Neocorticalization is a concept in comparative neu-roanatomy, based on comparisons among living species. For example, it describes the fact that primates have relatively and absolutely more neocortex than insectivores. One makes the statement: Primates are more neocorticalized than insectivores. Of course, living insectivores did not evolve to change into living primates under natural selection. But there is an evolutionary translation of the statement: The ancestors of living insectivores were members of an order (or other taxon) of mammals that probably included at least one species from which primates evolved. This species has not been identified, but as evolutionists positing a relationship between insectivores and primates as ''sister'' groups, we have to assume that it existed. Neocorticalization is then understood as part of the differentiation of daughter species from parent species: One daughter species of a fossil insectivore, which had relatively more neocortex than the parent species, was the ancestral primate species. These statements are almost parodies of evolutionary analysis, but they approximate a correct analysis.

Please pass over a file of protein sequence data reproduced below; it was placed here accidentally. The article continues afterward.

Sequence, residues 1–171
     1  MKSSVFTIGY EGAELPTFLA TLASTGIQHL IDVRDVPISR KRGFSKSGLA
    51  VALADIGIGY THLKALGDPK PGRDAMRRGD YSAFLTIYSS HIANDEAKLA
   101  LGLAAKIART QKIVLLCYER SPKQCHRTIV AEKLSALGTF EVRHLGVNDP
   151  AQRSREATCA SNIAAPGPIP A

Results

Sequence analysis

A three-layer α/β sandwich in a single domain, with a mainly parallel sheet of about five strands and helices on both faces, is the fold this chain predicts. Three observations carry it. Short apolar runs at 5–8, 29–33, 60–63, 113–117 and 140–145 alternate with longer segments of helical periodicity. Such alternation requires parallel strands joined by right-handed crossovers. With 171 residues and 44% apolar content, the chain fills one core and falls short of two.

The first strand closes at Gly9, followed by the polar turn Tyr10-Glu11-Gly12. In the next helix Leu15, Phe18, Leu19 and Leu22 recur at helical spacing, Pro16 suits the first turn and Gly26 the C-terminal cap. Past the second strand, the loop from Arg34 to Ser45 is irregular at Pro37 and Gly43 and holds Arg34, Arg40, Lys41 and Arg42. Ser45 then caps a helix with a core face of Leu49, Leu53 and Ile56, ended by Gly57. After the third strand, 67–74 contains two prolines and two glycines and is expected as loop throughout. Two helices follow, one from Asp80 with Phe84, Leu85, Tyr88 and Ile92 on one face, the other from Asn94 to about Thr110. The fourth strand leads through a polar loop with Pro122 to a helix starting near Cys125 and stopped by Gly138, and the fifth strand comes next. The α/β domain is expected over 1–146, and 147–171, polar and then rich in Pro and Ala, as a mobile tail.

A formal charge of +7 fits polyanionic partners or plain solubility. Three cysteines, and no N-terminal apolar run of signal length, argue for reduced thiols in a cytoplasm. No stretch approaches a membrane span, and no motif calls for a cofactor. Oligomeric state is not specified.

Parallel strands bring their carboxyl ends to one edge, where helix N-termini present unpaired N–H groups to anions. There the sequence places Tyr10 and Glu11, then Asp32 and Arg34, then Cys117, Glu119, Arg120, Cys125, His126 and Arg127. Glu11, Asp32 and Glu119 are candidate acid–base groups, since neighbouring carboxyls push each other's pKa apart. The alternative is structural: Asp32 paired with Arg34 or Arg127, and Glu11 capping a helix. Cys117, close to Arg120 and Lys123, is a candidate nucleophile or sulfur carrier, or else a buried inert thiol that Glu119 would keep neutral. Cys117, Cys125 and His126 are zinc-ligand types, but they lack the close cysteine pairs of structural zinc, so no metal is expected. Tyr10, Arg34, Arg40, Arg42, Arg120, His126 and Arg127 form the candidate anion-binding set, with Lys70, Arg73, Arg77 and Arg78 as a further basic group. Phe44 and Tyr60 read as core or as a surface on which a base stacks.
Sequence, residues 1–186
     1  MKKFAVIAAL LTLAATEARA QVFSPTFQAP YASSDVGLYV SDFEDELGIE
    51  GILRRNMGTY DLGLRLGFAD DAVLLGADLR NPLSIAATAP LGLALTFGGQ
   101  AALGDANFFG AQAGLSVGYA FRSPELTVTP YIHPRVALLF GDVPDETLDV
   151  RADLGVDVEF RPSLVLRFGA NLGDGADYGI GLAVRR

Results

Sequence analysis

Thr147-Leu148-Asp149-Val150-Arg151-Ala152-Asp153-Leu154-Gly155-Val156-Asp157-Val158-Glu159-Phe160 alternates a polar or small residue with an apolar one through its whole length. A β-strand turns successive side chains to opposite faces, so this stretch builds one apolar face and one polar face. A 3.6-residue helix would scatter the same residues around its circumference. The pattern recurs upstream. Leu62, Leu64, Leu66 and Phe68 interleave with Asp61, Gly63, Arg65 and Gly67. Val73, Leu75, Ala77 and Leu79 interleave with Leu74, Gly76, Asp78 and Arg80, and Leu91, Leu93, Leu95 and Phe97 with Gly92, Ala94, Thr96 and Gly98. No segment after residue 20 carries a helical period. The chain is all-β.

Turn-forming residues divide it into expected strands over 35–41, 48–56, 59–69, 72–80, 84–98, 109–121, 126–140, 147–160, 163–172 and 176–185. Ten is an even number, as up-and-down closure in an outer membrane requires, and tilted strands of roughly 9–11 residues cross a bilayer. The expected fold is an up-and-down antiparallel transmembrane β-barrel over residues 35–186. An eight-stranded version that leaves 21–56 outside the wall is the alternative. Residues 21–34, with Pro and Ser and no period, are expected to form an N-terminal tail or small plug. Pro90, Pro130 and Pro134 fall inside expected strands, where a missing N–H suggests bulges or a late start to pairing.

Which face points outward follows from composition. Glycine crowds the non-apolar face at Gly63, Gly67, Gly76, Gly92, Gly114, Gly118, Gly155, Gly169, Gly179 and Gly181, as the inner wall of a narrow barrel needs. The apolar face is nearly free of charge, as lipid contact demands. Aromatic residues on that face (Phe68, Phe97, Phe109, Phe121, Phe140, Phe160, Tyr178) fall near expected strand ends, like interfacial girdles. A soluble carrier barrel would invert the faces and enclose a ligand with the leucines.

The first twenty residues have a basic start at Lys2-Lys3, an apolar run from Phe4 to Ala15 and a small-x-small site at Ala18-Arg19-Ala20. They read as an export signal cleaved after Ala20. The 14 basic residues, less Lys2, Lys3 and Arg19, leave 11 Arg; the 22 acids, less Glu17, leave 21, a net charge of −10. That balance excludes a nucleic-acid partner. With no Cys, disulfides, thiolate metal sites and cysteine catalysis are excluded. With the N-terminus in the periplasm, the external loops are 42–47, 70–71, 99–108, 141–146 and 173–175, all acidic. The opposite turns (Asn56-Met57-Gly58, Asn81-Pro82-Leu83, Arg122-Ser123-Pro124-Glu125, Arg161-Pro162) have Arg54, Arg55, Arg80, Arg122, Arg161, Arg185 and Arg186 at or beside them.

The concept of neocorticalization can also be used in another sense—as describing the history of a trait in successive populations of species. If we sample a broad range of species across geological time and determine that later species had relatively more neocortex than earlier species, we could state that neocorticalization had occurred, even though we would not be able to determine its phylogenetic history. Such a discovery would be enough to suggest that there was a selective advantage in an increase in neocortex. The analytic model to be applied might be an elaboration of simple models of phenotypic evolution within lineages. It would require theorizing about selective advantages above the species level—about broad evolutionary ''landscapes'' that are contexts for interaction among species.